All Things Considered, January 7, 2005 · "Jihad" is one of the few Arabic words used in English. It means "spiritual struggle," but many Muslims have pointed out that "jihad" is almost always used in English in the context of terrorism, even though the actual meaning is broader. Commentator Anisa Mehdi would like to propose a word that could be used instead of "jihad."
Sure. The actual meaning is broader. Nevertheless, jihad is the word used by those who are taking up arms against non-Muslims all over the world. But by trying to get Westerners to use a different word, Anisa Mehdi is only deflecting attention from the real source of the problem: the Islamic doctrine of jihad warfare, which enables terrorist groups to recruit members among Muslims everywhere.
You tell me, Anisa Mehdi: are these men talking about a spiritual struggle?
"Do not await anything from us but Jihad, resistance and revenge." — Osama bin Laden, November 24, 2002.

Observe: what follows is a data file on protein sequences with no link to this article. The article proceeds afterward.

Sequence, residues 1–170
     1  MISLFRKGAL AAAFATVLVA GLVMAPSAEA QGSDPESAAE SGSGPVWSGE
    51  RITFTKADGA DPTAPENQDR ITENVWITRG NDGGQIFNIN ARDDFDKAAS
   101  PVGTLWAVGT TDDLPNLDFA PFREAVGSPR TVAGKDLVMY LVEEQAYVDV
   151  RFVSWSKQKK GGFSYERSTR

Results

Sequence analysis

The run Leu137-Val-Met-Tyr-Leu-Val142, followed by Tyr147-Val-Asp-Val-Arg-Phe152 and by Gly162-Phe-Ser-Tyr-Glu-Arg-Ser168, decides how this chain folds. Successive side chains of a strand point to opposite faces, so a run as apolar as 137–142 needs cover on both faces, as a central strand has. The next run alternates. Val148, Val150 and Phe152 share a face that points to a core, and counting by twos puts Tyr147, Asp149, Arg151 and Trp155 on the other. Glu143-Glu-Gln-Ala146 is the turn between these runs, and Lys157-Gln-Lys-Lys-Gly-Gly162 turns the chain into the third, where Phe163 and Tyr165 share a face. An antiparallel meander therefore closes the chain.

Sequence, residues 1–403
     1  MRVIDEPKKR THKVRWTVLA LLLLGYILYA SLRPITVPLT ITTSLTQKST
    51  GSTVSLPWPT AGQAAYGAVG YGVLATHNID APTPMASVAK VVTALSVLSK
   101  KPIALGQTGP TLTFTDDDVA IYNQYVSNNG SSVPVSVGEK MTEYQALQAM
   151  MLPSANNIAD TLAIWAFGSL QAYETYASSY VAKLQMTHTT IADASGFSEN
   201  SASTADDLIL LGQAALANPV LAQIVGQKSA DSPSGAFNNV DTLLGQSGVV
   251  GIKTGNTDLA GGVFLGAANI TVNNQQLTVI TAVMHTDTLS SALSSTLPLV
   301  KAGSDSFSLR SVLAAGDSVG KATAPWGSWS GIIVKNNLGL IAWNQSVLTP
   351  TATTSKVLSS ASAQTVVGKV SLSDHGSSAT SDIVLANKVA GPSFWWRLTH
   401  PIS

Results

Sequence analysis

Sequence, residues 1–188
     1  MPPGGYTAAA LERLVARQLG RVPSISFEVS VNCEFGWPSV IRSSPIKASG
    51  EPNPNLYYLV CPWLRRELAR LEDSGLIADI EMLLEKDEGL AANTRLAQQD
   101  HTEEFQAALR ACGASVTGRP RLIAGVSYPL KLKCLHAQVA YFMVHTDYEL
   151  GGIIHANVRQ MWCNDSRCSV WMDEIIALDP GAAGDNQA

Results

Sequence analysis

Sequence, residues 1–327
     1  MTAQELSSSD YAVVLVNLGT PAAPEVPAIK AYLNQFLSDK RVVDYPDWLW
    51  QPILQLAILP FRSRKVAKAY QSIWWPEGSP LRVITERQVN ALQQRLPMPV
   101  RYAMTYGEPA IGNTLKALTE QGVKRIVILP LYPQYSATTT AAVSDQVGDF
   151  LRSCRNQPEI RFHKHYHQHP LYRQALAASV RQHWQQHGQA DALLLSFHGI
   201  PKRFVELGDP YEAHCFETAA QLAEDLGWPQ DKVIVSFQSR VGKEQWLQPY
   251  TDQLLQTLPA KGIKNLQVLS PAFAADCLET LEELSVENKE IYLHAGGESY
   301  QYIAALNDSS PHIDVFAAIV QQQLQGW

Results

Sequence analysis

"We ask Allah to make us mujahideen (holy warriors). We ask Allah to make us shaheed. Our immediate duty now is to correct our own homeland. So let us open our eyes, let us not go for jihad which is far away from our countries." — Abu Hamza al-Masri.
"In Islam the only meaning of jihad was killing, and those who projected the concepts of Jihad Akbar and Jihad Asghar were against Islam," — Maulana Masood Azhar.
"Jihad is actually considered a Rahma (mercy) in Islam. If there is an oppressor and there is Jihad to stop his oppression, it is a mercy on him (the oppressor)." — Hamza Yousef, November 3, 2004.
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